Doing so would involve difficult conversations about the role of embryos in research. But these are philosophical questions that need to be approached at some point. From a U.S. perspective, doing so sooner while the American scientists still hold the technological and informational edge, is vital. Ignoring the issue doesn't make it go away.
Experts think a few changes should be made. The ban on federal funding should be lifted. Scientists and regulators should push for things like allowing federal funds to be used for the creation of new embryos for research purposes and the use of spare IVF embryos for research when the embryo would not be implanted into a woman. (Privately funded scientists can proceed in states that encourage embryonic stem cell research, like New York, New Jersey, and California, but not in restrictive ones like Louisiana and South Dakota, which prohibit creating or destroying embryos for research.) Policymakers could ban reproductive gene editing for now but look at it again after a certain period. A highly anticipated report issued earlier this year from an international guidance committee left the door open to eventual clinical trials with edited embryos. As of now, however, Congress will not allow the Food and Drug Administration to consider such trials. This is the future and it's the scientific community's responsibility to develop the ethical framework now.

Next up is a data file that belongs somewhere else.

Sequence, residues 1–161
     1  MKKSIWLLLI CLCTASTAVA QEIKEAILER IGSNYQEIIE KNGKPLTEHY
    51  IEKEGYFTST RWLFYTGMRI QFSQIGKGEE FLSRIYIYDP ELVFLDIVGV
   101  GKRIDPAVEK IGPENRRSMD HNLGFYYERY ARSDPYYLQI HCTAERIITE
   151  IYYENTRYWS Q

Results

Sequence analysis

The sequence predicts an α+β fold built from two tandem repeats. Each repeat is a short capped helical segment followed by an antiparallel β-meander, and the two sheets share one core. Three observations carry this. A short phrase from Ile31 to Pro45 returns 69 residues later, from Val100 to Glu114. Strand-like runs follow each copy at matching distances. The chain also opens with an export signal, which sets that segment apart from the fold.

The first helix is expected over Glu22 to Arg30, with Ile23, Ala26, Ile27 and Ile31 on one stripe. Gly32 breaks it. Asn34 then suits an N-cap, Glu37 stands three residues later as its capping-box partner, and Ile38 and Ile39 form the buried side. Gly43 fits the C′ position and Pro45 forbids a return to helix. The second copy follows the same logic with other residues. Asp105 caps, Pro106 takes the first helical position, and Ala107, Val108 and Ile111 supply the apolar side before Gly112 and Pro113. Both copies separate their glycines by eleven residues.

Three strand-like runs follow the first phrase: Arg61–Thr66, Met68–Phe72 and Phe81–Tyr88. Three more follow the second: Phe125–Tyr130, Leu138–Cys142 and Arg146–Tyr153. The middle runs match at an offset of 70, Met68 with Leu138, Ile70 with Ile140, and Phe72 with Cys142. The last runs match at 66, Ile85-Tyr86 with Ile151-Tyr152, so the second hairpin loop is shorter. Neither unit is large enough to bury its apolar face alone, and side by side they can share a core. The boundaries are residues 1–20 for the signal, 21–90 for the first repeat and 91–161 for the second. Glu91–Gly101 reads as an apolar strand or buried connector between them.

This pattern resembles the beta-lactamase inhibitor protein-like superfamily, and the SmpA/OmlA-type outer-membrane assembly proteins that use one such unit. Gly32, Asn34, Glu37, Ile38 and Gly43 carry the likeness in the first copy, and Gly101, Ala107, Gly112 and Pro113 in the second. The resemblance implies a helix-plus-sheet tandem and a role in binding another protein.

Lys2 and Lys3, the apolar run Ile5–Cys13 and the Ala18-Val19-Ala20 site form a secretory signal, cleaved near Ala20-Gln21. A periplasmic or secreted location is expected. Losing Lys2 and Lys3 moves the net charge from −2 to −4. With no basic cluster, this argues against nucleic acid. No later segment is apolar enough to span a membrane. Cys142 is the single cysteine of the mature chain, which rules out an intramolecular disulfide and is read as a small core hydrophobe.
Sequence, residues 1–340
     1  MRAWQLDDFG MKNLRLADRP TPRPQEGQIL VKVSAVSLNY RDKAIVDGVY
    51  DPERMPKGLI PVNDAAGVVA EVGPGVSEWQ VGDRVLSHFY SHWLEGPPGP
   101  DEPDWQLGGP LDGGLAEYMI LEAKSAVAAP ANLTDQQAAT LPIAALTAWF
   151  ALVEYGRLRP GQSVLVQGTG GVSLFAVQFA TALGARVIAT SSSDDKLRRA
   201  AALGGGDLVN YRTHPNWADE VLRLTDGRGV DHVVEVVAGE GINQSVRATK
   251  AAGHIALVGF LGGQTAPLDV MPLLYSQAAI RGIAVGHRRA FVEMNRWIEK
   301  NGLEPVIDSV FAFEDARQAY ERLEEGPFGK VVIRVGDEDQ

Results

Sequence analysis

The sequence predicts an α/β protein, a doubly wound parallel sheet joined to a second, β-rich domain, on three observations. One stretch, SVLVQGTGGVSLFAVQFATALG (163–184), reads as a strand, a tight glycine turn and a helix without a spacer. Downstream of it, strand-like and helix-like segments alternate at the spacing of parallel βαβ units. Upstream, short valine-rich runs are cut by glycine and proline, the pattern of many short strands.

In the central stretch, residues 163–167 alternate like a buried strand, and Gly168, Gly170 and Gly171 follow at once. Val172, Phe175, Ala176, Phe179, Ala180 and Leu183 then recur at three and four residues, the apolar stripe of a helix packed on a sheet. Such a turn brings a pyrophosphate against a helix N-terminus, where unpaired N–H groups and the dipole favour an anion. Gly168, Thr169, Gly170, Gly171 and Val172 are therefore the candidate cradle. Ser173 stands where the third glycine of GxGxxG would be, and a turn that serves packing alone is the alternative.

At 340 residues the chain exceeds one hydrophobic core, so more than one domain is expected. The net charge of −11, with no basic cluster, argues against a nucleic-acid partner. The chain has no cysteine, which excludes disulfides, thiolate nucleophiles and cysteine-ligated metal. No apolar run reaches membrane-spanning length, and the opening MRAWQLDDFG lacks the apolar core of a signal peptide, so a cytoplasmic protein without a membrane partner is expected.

"The US and Europe have the technological history and capacity to lead this research and should do so, ethically. We ought to be revising our laws and ethical guidelines to facilitate this kind of research," Professor Savulescu said. "But the challenge is to think constructively and ethically about this new technology, and to be leaders, not followers."
The white two-seater car that rolls down the street in the Sorrento Valley of San Diego looks like a futuristic batmobile, with its long aerodynamic tail and curved underbelly. Called 'Sol' (Spanish for "sun"), it runs solely on solar and could be the future of green cars. Its maker, the California startup Aptera, has announced the production of Sol, the world's first mass-produced solar vehicle, by the end of this year. Aptera co-founder Chris Anthony points to the sky as he says, "On this sunny California day, there is ample fuel. You never need to charge the car."